Dr Filip Vukasin
New research shows an association between mobile devices and emotional dysregulation in children, with potentially long-term consequences.
Research published in JAMA Pediatrics has shown that using mobile devices to calm children may reduce opportunities for learning emotion-regulation strategies.
Studying 422 children aged 3–5, US researchers found children who were given mobiles to calm down were less able to think clearly according to executive function assessments, and more likely to have emotional reactions than those who were never or only rarely calmed by mobiles.
Dr Andrew Leech, a GP with a special interest in children’s mental health, told newsGP the research comes as no surprise.
‘We are turning more and more to technology to calm our children,’ he said.
‘This starts at school, with the use of iPads for example, and carries on at home.
‘Parents will often tell me it is very hard to set limits on screen time and when they do eventually turn off the screen, there will be a meltdown or tantrum. It becomes a vicious cycle.’
Dr Leech says the research highlights that parents are often struggling to manage children with difficult behaviours, with many finding that screens provide the most effective short-term solution.
However, while they often provide immediate relief, the practice may be having detrimental – and increasing – impacts in the longer-term.
As part of the research, parents completed online surveys about their children. Use of mobile devices for calming purposes was assessed with the question ‘when your child is upset and needs calming down, how likely are you to give him/her a mobile device to use, like a smartphone or tablet?’
Parents responded on a five-point scale ranging from zero (not at all likely) to four (very likely).
When the researchers followed up the cohort at three and six months, they found those calmed by mobiles were still more likely to have increased emotional reactivity, with the strongest effect on boys and children with ‘high surgency’.
High surgency refers to traits like extraversion, strong temperament, anger and impulsivity.
Lead author, Dr Jenny Radesky, a developmental behavioural paediatrician, said the results suggest that the short-term calming effect of screens has an opposite long-term effect by increasing emotional reactivity.
The issue is especially fraught in early childhood, as the use of devices may displace opportunities for children to develop independent and alternative methods for self-regulation.
‘Caregivers may experience immediate relief from using devices if they quickly and effectively reduce children’s negative and challenging behaviours,’ she said.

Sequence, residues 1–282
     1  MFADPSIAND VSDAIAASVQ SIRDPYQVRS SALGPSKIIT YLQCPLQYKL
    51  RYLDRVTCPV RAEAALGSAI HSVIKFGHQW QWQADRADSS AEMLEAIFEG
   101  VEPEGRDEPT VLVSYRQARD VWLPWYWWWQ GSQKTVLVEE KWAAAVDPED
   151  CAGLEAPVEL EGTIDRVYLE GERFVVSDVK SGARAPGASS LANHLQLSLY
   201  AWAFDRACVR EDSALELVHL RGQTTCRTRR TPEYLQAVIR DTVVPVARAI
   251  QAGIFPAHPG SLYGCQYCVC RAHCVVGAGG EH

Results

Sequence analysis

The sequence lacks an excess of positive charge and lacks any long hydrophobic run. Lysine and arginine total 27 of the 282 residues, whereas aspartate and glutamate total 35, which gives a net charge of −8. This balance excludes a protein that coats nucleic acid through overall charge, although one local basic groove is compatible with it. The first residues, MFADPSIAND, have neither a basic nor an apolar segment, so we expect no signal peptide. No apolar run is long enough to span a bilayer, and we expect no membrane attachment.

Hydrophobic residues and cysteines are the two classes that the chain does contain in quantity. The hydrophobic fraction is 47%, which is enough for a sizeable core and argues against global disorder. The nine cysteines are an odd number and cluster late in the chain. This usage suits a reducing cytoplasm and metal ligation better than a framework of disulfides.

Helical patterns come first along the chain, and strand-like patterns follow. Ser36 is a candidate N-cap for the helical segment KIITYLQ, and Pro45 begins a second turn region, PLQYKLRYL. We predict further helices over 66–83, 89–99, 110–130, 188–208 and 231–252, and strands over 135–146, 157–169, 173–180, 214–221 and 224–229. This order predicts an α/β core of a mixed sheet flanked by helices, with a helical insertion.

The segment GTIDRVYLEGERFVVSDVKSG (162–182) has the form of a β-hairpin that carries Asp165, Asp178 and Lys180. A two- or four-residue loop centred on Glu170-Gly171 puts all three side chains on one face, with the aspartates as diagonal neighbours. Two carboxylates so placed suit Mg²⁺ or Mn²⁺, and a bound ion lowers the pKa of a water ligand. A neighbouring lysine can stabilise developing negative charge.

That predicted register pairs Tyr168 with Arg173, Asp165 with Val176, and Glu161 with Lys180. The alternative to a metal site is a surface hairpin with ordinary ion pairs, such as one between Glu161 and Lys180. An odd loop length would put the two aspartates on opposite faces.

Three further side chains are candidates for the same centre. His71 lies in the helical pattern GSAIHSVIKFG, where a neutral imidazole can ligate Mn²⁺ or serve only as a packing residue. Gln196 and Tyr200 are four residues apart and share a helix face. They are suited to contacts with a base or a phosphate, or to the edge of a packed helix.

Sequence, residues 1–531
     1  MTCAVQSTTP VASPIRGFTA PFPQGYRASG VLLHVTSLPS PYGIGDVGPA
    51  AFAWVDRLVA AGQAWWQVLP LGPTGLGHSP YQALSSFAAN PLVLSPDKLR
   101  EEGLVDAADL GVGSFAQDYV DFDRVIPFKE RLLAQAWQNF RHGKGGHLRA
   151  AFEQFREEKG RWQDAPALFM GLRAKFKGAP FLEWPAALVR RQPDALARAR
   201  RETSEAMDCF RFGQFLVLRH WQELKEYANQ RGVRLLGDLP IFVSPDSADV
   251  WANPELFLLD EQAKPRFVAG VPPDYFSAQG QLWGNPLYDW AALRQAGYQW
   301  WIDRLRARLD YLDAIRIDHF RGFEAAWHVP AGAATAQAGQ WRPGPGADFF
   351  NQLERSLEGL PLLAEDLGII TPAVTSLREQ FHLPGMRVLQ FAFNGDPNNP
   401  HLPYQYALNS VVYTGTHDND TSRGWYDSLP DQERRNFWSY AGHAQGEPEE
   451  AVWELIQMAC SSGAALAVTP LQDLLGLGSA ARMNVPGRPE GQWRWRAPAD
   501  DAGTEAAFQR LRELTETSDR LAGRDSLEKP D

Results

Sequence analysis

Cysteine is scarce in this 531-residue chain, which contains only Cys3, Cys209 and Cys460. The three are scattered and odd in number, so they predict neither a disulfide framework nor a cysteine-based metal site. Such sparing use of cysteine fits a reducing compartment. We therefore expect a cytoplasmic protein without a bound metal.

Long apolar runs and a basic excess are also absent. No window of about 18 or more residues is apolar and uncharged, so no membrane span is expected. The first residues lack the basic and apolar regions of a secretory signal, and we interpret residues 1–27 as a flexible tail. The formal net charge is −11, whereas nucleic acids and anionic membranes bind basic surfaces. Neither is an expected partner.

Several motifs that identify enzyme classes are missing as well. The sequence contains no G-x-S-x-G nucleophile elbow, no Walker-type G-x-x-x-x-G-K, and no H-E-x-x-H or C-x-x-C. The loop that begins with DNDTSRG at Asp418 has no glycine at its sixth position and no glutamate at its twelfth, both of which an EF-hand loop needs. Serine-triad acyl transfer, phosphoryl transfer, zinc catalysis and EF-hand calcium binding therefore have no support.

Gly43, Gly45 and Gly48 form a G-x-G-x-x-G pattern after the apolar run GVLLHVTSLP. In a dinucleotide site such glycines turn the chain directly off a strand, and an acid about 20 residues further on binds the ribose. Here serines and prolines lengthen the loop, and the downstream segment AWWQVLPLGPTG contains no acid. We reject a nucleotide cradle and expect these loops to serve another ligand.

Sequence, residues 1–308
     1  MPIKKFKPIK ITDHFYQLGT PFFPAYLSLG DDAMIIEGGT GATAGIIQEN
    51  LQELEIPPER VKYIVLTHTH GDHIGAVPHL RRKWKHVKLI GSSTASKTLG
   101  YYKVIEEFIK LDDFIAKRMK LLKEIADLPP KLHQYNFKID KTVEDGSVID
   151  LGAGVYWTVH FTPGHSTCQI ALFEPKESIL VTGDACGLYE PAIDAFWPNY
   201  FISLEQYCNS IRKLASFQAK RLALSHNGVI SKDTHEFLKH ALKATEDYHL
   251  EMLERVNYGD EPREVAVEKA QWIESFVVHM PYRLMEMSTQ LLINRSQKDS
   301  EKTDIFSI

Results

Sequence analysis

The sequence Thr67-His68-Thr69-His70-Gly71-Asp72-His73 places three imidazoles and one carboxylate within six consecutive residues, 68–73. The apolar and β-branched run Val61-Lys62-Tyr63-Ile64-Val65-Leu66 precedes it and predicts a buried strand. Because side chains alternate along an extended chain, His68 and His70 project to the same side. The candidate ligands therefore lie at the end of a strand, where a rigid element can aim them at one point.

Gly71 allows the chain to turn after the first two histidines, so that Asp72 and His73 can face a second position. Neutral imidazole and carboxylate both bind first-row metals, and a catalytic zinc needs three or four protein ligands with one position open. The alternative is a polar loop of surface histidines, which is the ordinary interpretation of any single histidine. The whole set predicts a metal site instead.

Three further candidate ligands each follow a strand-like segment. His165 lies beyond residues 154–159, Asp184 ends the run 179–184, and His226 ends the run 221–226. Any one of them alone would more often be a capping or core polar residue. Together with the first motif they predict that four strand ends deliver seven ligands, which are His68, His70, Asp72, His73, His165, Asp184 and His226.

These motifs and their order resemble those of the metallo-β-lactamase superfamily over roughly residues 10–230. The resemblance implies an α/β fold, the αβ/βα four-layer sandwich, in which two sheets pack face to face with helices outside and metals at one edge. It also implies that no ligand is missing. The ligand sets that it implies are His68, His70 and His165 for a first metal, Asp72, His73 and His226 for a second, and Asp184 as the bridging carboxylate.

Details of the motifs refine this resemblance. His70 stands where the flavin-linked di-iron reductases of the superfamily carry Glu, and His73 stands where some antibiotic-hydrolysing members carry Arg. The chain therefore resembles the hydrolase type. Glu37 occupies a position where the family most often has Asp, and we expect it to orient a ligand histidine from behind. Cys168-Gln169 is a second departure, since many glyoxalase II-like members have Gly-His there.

‘This feels rewarding to both parents and children and can motivate them both to maintain this cycle.
‘[But] when you see your 3–5-year-old having a tough emotional moment – meaning they are screaming or crying about something, they’re getting frustrated, they might be hitting or kicking or lying on the floor … if your strategy is to distract them or get them to be quiet by using media, then this study suggests that is not helping them in the long-term.’
Dr Leech, who is an advisory member for the Curtin University Healthy Digital Child program, says he is seeing an exponential rise of screen use in children – with associated negative effects.
‘My feeling is children’s brains are not equipped or ready to deal with the amount of screen use we are providing them,’ he said.
‘They are being hyper-stimulated.
‘This also leads to less opportunity to learn social skills, have outdoor play and has a ripple effect onto issues such as obesity, learning difficulties, and even ADHD.’
Meanwhile, Dr Radesky says that as screens increase a child’s emotional reactivity, they are more likely to get a bigger reaction when daily frustrations come up.
She recommends better alternatives to screens such as naming the emotion for children, using physical input to calm them down like hugging, and offering replacement behaviours such as hitting a pillow.
‘All of these solutions help children understand themselves better and feel more competent at managing their feelings,’ Dr Radesky said.
‘It takes repetition by a caregiver who also needs to try to stay calm and not overreact to the child’s emotions, but it helps build emotion regulation skills that last a lifetime.
‘In contrast, using a distractor like a mobile device doesn’t teach a skill – it just distracts the child away from how they are feeling. Kids who don’t build these skills in early childhood are more likely to struggle when stressed out in school or with peers as they get older.’
The current Australia guidelines recommend no more than one hour per day of sedentary recreational screen time for 3–5-year-olds.
Dr Leech suggests setting limits, having boundaries and being mindful of what children are using screens for.
‘Teach your child how to use screens safely. Spend time with your child on their device to help them navigate technology,’ he said.
‘Not all technology is equal. Some will provide benefit in learning such as reading, music, socialising, analytical thinking and hand-eye coordination.
‘Be careful with gaming addiction, particularly in boys. I am seeing a jump in the number of boys spending excess hours on games, and a rise in adverse mental health effects through doing this.
‘Monitor apps like YouTube and TikTok, these are both potentially harmful in the content they provide children.’
He also says clearer guidelines are needed, as is more understanding of the appropriate level of screen use.
‘Remember boredom is a good thing,’ Dr Leech said. ‘A child saying they are bored allows for creativity.’
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